Aesthetic Treatment of Pectus Excavatum: A New Endoscopic Technique Using a Porous Polyethylene Implant
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- Grappolini, S., Fanzio, P.M., D’Addetta, P.G.C. et al. Aesth Plast Surg (2008) 32: 105. doi:10.1007/s00266-007-9025-6
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Pectus excavatum is the most frequent malformation of the rib cage. Functional aspects associated with this malformation often are absent even in adults not involved in competitive sports activities. Overall, these patients often live with extreme psychological discomfort when the malformations are minor. Traditionally, the correction of these malformations has been geared toward interventions that modify the architecture of the rib cage. However, all these interventions, even the most recent, involve considerably invasive major surgery. In fact, optimal results are not always achieved with corrective surgery using the insertion of silicone prosthesis, and patients often experience complications.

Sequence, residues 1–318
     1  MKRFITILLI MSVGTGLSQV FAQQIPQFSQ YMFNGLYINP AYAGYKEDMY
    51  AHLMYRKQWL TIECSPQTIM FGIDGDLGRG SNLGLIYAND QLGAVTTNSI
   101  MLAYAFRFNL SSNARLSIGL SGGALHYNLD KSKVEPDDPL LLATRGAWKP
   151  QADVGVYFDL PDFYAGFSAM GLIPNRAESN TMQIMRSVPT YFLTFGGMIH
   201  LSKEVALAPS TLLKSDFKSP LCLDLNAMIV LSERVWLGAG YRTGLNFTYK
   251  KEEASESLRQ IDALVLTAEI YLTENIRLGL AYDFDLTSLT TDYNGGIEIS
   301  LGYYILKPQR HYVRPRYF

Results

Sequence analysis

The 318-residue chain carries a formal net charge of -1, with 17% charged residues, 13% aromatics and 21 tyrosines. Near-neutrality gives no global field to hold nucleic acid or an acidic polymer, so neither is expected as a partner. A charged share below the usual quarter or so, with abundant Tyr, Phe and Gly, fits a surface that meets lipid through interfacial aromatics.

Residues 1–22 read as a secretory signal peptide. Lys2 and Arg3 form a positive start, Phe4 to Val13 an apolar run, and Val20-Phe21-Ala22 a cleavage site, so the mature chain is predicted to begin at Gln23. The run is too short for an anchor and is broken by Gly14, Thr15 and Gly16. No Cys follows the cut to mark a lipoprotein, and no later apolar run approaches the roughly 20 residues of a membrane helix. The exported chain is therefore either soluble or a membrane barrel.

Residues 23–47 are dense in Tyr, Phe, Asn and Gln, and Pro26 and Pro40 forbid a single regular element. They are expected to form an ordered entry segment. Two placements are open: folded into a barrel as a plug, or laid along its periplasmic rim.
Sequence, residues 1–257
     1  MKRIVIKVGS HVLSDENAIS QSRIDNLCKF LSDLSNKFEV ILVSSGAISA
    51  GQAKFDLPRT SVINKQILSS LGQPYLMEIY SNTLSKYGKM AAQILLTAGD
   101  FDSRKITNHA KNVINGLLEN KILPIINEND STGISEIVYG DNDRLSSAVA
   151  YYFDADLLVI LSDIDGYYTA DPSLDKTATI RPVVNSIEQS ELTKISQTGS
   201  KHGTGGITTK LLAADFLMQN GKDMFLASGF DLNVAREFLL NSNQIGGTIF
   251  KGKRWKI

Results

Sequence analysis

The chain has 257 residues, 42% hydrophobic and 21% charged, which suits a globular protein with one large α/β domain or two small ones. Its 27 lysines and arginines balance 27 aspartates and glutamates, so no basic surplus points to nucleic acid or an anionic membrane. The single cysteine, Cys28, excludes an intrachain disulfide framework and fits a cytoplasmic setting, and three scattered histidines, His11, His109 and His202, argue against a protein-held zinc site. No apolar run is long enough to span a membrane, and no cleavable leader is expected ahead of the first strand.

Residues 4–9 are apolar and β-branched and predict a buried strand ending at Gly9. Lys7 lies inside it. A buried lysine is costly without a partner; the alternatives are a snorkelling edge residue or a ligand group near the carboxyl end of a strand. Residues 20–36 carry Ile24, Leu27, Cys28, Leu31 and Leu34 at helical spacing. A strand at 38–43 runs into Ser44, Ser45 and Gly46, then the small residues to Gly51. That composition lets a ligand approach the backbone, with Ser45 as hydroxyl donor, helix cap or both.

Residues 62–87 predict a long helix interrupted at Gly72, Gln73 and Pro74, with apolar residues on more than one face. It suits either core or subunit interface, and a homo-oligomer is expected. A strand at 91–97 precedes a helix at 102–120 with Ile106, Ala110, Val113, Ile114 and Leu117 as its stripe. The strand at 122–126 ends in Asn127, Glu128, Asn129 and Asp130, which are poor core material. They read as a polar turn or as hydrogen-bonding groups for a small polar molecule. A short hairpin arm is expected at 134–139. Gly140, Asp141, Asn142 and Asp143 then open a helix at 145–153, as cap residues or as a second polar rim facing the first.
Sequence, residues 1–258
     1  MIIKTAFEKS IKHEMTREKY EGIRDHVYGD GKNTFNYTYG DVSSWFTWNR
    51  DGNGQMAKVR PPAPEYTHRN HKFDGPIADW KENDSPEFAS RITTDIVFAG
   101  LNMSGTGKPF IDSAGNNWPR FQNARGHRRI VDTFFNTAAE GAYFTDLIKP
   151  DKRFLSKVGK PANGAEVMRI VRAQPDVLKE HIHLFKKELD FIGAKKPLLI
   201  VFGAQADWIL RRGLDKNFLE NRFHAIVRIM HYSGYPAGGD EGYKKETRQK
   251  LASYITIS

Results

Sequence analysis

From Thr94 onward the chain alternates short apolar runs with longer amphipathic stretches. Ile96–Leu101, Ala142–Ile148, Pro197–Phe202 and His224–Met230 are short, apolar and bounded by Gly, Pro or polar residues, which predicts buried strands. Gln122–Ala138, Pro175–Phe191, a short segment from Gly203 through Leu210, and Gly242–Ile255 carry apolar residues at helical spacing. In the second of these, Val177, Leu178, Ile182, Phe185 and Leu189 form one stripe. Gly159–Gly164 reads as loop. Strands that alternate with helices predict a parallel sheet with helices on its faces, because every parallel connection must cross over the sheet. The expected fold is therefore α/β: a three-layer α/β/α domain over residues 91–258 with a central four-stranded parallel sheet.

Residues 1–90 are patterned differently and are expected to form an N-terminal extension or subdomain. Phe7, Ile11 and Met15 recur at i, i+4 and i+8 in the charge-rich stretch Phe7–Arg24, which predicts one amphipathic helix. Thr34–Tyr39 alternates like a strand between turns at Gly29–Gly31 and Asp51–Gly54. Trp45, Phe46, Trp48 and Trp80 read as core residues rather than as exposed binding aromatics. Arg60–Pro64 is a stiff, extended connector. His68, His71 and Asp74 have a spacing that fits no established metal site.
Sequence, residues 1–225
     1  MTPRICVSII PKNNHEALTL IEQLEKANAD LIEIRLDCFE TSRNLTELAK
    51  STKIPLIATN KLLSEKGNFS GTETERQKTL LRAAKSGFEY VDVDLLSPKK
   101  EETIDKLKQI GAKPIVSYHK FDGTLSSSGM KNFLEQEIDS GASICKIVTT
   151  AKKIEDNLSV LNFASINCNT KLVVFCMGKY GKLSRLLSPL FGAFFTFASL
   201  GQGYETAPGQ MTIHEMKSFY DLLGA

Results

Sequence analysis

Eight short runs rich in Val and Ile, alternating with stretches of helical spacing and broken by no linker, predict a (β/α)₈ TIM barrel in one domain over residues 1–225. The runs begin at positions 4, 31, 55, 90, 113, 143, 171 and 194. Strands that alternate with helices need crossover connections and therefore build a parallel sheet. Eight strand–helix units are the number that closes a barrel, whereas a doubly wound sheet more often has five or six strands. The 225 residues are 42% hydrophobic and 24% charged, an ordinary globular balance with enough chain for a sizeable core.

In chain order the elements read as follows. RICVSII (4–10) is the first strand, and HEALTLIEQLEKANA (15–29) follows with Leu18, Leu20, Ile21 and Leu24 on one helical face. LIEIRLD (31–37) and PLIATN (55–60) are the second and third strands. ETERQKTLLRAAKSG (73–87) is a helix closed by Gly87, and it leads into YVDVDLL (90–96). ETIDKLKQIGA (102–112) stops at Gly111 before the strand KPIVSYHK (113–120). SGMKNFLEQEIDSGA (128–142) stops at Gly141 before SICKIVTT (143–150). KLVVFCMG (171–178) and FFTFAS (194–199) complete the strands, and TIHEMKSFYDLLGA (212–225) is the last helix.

To correct intermediate and modest pectus excavatum in a stable manner and with the least amount of invasiveness, the authors developed a camouflage technique that uses porous prostheses made from high-density linear polyethylene. This material is generally used for reconstruction of the brain case. Between February 2001 and March 2006, in the I Unit of Plastic Surgery of the authors’ Institute, 11 adult pectus excavatum patients with no previous cardiorespiratory symptoms underwent the authors’ surgical technique. The average patient age was 29 years.
Surgical repair was successful in all cases, and the average hospital stay was short. There were no complications during the follow-up period. The described approach repairs nonfunctional pectus excavatum in the adult with satisfying aesthetic and stable results, short hospital stay, and high patient popularity ratings.
The best therapeutic option for pectus excavatum, especially with intermediate or moderate severity, is still controversial: thoracic surgery or camouflage surgery with implant? Trying to address those issues we propose a new technique by a multidisciplinary, not aggressive approach using a high density linear polyethylene implant and Omentus flap and the early analysis of our data.